In FIG. 6b of the aforementioned patent, which is reproduced hereinafter as an illustration of the prior art, a high density ring is attached and adhered to the outer surface of the shaft. One of the major disadvantages comes from the fact that the longitudinal and rotational displacements of the ring is frequent due to the substantial flexional and torsional stresses to which the shaft is subjected during use, but also to numerous frictions with other clubs in the golf bag during transportation. It must also be noted that the correct positioning of the ring in the desired area is likewise difficult to obtain because it is dependent upon the tolerances related to the dimension and shape of the ring and of the shaft to obtain a coupling with force fit.

FIG. 6c of the prior art patent, which corresponds to FIG. 4 hereinafter, has another solution in which a substantially tubular ring fills a neck portion of the shaft. The advantage is to immobilize the ring with no possibility of displacement within the neck, particularly along the shaft. The problem posed by this solution is essentially linked to the concentrations of the composite stresses which are imposed by the sudden variations in the shaft diameter at the ends of the ring. Tests have shown that these concentrations lead to a substantial risk of breaking the shaft in these zones.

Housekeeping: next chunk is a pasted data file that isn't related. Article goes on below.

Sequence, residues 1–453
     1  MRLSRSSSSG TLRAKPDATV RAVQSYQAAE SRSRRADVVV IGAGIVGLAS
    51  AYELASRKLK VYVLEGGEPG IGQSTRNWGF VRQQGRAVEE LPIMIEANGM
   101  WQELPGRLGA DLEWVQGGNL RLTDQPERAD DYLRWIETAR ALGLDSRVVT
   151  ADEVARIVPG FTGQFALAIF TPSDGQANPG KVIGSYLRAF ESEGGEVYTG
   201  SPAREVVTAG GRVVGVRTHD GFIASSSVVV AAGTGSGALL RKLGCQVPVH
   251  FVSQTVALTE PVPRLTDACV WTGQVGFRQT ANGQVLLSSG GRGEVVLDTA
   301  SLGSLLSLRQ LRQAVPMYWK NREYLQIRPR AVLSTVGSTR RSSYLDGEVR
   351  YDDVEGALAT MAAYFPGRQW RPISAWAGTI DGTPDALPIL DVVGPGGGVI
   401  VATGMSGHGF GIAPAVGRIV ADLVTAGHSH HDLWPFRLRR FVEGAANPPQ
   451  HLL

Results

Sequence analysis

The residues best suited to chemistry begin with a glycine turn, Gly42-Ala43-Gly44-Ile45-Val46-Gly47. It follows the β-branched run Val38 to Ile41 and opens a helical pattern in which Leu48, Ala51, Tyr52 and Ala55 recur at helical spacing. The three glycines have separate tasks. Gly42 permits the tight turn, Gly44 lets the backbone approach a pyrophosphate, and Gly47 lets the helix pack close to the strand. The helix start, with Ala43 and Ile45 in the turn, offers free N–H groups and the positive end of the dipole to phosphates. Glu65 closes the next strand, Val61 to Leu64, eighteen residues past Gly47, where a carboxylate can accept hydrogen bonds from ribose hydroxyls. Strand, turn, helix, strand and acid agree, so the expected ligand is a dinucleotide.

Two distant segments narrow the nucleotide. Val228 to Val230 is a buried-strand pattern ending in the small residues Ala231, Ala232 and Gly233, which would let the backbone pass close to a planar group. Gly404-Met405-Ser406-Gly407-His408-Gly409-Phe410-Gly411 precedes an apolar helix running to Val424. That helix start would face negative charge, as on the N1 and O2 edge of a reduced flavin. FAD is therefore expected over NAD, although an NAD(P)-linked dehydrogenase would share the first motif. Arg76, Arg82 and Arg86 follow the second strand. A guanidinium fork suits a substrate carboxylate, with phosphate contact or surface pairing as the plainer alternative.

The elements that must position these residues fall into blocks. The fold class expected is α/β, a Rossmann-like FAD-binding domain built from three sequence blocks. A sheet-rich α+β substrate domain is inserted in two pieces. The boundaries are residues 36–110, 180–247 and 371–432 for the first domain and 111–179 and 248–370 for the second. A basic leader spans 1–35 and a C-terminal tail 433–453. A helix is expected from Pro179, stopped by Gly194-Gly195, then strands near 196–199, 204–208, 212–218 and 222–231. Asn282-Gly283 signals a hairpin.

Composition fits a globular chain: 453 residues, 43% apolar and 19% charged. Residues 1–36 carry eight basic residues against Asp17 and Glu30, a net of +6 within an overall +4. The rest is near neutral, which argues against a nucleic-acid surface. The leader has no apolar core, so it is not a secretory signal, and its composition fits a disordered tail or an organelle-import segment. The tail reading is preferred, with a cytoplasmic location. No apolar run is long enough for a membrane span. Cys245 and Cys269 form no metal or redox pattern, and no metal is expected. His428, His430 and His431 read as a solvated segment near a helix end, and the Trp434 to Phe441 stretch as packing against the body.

SUMMARY OF THE INVENTION

In view of the prior art, a general object of the invention is to propose a golf club shaft that is lightened but correctly balanced by means of a solution using an additional mass, while avoiding the disadvantages of the known solutions.

Therefore, an object of the invention is more particularly to add a balancing ring to a composite shaft with no possibility of accidental or voluntary displacement of the ring while avoiding any stress concentration in the composite.

Another object is to influence as little as possible the shaft stiffness distribution due to the addition of the ring.

To this end, the invention relates to a golf club shaft made of a fiber- and resin-base composite material including a first end having a large outer diameter, and a second opposing end with a smaller outer diameter. The shaft comprises, along a portion of its length, a neck portion in which a ring is inserted, such ring being made of a material having a density higher than the density of the composite material and said ring having a first end portion and a second end portion each having an inner surface in contact with the surface of the neck portion that flares out gradually up to the ends of the ring.